Notably, from the perspective of African American female activists, discrimination against women and the reluctance to provide them with rights to voting impeded the progress in the anti-slavery struggles. As Sojourner Truth had put it:
There is a great stir about colored men getting their rights, but not a word about the colored women; and if colored men get their rights, and not colored women theirs, you see the colored men will be masters over the women, and it will be just as bad as it was before (AERA).
Sojourner Truth was probably among the first people who made the logical link between racial discrimination and gender discrimination. Her statements demonstrate that even after the ratification of the Thirteenth Amendment, the situation did not change substantially for African American women and they were still regarded as inferior by some members of their community and the law. However, in order to change that, Black women could not act alone and needed support from White women as well because a common, stereotypical association of womanhood with anything but politics and business similarly affected all of them.
Considering the abovementioned observation, it is important to look into the reasons why women were not granted equal rights as men. Frances D. B. Gage, a speaker in the AERA meeting in 1867, stated that for centuries, women had been taught that “they must not think about voting” (AERA). They were persuaded that, by some inherent qualities allegedly and wrongly believed to define womanhood, they could not engage in the same activities aimed to benefit the country as men (AERA).
However, women had proved otherwise during the American Civil War when they were asked to work for the government and the nation while men were fighting (AERA). Throughout that period, many American females diligently performed their duties as citizens of the United States. Many of them were eager to help and contribute to the welfare of the country. Thus, the presumption that women could not or did not want to have rights for participation in political endeavors seems invalid. Nevertheless, such an opinion was dominant in the mainstream culture and was supported by the law. In this way, it had negatively influenced the minds of males and females alike.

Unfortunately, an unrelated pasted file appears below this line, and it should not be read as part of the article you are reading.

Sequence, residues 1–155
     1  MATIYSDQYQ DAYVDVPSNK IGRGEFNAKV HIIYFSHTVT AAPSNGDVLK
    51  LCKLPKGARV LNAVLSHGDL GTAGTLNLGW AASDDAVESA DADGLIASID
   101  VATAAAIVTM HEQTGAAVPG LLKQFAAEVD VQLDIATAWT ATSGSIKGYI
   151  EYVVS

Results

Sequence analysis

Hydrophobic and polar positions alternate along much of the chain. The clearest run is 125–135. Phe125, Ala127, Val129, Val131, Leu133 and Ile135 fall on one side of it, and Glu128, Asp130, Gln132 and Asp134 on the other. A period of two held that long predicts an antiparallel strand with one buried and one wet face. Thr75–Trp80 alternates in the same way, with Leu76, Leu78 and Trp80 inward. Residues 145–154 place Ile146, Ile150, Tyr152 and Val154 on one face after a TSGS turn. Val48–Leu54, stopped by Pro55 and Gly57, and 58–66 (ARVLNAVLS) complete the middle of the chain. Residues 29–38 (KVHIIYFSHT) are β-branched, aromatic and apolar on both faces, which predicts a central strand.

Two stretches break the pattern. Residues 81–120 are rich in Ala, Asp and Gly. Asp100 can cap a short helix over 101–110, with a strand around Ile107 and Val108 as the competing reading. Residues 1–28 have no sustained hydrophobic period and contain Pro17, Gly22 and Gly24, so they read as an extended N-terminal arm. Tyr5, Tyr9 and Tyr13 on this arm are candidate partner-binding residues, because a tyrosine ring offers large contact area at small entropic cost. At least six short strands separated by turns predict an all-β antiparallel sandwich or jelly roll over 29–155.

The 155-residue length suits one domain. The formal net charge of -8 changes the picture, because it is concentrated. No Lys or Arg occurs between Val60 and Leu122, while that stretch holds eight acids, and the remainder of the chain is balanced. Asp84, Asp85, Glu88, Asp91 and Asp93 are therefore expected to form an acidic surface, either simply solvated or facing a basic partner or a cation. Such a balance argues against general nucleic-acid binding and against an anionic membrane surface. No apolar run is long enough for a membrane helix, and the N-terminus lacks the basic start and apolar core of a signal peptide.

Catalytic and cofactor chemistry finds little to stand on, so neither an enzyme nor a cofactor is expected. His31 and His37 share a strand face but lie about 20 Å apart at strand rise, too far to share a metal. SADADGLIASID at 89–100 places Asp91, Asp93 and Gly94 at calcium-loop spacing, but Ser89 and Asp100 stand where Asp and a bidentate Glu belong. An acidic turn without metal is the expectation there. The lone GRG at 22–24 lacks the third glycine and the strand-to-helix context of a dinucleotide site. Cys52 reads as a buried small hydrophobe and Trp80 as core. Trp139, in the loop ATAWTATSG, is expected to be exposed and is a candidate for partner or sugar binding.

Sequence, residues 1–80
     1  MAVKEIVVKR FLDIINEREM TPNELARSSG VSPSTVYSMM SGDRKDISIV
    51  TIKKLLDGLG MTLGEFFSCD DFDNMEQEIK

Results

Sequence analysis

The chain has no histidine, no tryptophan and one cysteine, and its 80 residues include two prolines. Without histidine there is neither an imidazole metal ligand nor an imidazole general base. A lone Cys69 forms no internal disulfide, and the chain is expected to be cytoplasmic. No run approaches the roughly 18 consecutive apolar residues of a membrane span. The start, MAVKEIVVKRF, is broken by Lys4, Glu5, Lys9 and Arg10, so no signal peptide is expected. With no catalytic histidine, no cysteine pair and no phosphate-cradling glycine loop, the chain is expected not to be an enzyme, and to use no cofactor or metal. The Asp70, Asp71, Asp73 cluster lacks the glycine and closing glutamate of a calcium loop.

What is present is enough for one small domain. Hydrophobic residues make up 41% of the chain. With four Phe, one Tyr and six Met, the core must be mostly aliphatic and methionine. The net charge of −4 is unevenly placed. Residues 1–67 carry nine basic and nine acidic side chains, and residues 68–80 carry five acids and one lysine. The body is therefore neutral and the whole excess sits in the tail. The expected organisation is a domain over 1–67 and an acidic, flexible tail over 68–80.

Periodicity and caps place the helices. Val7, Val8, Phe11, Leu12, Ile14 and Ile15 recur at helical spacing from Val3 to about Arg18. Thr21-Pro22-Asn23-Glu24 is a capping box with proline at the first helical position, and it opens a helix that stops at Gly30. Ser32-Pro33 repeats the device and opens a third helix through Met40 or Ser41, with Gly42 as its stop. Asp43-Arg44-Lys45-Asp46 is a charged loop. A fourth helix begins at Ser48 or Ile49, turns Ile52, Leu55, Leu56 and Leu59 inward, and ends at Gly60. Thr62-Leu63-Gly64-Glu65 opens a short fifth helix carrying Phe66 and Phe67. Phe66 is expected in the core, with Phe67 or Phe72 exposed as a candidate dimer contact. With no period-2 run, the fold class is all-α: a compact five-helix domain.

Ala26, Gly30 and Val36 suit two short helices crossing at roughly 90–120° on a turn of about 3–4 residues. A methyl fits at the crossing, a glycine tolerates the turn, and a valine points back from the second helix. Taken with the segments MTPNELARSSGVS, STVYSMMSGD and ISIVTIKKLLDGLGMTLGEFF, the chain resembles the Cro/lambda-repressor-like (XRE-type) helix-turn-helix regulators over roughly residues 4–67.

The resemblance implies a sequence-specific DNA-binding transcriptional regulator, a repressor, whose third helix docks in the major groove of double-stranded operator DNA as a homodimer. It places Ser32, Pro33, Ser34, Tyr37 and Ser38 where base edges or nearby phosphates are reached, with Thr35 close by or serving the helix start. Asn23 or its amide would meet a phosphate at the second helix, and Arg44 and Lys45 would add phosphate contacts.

The provision of equal voting rights to all individuals could be a crucial step in the fight for social equality, and many civil rights activists and slavery abolitionists understood that. They advocated for further changes in the law that granted voting rights to adult African American men and insisted on the need to create opportunities for women to participate in elections. 19th-century activists refuted the widespread assumption that women were not capable of making valuable contributions to society and that it was not part of their essential interests. They advocated for providing political education to both boys and girls because they saw it as the basis for democracy.
However, the law analysis reveals that neither of the amendments ratified at the end of the 19th century acknowledged women’s inherent right to vote. It means that the majority of citizens and those in power, in particular, adhere to opposite ideas. Still, the desired change was ultimately achieved only at the beginning of the 20th century, and it is important to note that African American women were among the leaders in the fight for females’ rights in the United States.
American Equal Rights Association. Proceedings of the First Anniversary of the American Equal Rights Association, Held at the Church of the Puritans, New York, May 9 and 10, 1867. Phonographic Report by H.M. Parkhurst. 1867. Web.
“Primary Documents in American History.” The Library of Congress. 2018. Web.